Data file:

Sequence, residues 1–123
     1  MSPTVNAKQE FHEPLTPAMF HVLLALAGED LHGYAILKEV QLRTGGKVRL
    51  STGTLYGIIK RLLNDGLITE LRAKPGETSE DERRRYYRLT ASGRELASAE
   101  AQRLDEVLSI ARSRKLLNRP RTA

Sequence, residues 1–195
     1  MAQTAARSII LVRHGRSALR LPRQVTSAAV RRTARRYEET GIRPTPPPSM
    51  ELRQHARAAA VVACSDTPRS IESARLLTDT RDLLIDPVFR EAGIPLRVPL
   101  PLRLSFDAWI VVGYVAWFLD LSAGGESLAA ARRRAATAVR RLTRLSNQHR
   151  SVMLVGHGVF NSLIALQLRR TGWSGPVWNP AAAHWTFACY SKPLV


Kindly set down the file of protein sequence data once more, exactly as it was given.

Sequence, residues 1–123
     1  MSPTVNAKQE FHEPLTPAMF HVLLALAGED LHGYAILKEV QLRTGGKVRL
    51  STGTLYGIIK RLLNDGLITE LRAKPGETSE DERRRYYRLT ASGRELASAE
   101  AQRLDEVLSI ARSRKLLNRP RTA

Sequence, residues 1–195
     1  MAQTAARSII LVRHGRSALR LPRQVTSAAV RRTARRYEET GIRPTPPPSM
    51  ELRQHARAAA VVACSDTPRS IESARLLTDT RDLLIDPVFR EAGIPLRVPL
   101  PLRLSFDAWI VVGYVAWFLD LSAGGESLAA ARRRAATAVR RLTRLSNQHR
   151  SVMLVGHGVF NSLIALQLRR TGWSGPVWNP AAAHWTFACY SKPLV